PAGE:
Share this post


Link to post
Share on other sites

LovebugLPN has 7 years experience and specializes in LTC, Home Health.

6,833 Visitors; 275 Posts

If you didn't know the bed was wet how did you know to cover it with towels? And why waste your time doing that and not just change it, I wouldn't like to lay on a urine puddle covered with towels!

Is that what happened? You covered the mess with towels? That makes no sense.

Share this post


Link to post
Share on other sites

AOx1 has 15 years experience and specializes in ER, ICU, Education.

3 Articles; 22,347 Visitors; 961 Posts

I don't like it when people are passive aggressive. I once worked with a nurse who always left her patients a mess. Blown IVs, dirty patient, soiled brief, etc. I did not find this to be a continuous problem with any other nurse on the floor. I insisted we do rounds together at change of shift, and asked her to fix any issues I found. This seemed to solve the problem. The time to report to a manager is when you have attempted repeatedly to communicate with someone and gotten nowhere. The other shift should have pointed it out and left it at that. You did fix it.

I wish we would see more proactive vs reactive management. If there have been past problems on the shift, they should have arranged a meeting at change of shift to discuss issues, several meetings if needed, and brainstormed ideas such as a checklist or walking rounds, etc. Unfortunately, it sounds as if your manager wanted not teamwork but a scapegoat.

I think also we need to keep in mind that we don't always know what happens on another shift. I remember once I coded a patient repeatedly over the last few hours of a shift. I had asked another nurse to please check on my other patient, who was very stable. Bythe time the family decided to change the other patient's code status to DNR, it was 5 minutes until shift change. I got the signed order from the physician on the chart, tidied the messy room in which the patient had coded, and when he then coded again, stayed to perform postmortem care on the patient, even calling organ sharing, etc. It was a long, difficult night. I caught up my charting on the other patient. The nurse coming in on the next shift complained after all that as if I had committed an egregious error. Do you know what it was? I had (*gasp*) forgotten to restock 5 mL syringes in the other patient's room. Bad me.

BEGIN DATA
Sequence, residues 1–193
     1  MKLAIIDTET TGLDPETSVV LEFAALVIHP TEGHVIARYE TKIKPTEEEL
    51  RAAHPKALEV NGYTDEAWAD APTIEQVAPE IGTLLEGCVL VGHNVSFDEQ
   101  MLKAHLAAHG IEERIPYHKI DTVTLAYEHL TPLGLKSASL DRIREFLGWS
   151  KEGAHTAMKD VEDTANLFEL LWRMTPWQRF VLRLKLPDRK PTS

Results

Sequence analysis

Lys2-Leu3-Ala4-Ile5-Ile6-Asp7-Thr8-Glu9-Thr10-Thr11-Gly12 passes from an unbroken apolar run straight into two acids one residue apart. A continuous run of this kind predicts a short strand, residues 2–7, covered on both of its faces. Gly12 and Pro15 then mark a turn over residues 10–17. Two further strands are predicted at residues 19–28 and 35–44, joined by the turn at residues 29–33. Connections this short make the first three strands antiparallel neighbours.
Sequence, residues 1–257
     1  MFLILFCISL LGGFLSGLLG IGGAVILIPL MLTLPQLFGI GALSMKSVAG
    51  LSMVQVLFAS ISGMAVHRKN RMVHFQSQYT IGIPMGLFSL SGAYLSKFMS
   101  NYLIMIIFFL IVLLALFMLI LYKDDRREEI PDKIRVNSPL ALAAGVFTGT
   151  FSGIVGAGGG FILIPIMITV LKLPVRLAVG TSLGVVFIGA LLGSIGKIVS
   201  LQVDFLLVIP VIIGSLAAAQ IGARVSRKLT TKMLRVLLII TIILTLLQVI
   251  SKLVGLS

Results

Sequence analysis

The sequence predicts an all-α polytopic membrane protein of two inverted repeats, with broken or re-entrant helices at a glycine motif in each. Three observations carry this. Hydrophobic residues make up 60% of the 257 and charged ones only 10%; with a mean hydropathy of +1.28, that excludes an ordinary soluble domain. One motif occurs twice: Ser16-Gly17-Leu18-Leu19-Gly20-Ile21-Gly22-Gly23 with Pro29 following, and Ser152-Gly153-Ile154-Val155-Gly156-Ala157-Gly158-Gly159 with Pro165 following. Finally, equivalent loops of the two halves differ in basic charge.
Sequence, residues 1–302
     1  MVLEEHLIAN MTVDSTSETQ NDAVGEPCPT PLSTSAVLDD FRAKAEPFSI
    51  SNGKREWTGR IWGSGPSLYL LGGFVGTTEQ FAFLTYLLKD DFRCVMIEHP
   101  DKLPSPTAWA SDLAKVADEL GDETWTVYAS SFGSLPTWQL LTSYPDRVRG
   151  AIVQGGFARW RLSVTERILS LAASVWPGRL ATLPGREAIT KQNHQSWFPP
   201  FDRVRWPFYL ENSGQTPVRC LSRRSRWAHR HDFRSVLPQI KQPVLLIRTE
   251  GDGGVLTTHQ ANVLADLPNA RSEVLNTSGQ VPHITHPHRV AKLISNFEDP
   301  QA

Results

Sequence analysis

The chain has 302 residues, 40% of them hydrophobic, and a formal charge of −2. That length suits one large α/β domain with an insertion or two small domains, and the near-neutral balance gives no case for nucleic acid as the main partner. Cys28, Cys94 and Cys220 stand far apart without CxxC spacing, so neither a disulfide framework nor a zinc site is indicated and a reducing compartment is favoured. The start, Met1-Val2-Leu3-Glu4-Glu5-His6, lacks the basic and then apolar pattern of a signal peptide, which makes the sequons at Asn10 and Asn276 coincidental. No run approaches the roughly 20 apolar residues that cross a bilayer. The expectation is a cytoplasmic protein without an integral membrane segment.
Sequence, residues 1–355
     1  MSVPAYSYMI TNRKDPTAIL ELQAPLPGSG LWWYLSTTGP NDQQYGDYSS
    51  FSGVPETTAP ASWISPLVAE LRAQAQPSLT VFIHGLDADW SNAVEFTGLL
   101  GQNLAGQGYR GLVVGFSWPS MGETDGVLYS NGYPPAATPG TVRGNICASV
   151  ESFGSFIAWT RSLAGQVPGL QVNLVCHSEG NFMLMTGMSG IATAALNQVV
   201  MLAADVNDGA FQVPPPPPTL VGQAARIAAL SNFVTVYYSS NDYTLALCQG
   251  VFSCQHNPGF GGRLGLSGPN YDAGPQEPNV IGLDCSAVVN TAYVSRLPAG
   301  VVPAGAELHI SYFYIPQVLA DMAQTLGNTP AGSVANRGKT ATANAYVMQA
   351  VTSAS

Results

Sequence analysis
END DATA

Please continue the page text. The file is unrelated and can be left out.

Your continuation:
Share this post


Link to post
Share on other sites

donnasRN has 3 years experience.

1,708 Visitors; 74 Posts

Is that what happened? You covered the mess with towels? That makes no sense.

I'm guessing she put the towels down as a precaution b/c he has a hx of bed wetting but the towels ended up getting soaked w/ urine & they thought it was being covered up? OP, is that what happened? I work in psych as well, & although I work w/ adolescents, we've had a few who've suffered from enuresis - These pts are always put on a toileting scheduling over night (i.e. woken up by staff @ 12a & 4am to use the bathroom) & DDAVP is ordered. I suggest you bring up a similar type of protocol to management so your situation doesn't arise again.

Share this post


Link to post
Share on other sites
  • Recently Browsing 0 members

    No registered users viewing this page.

×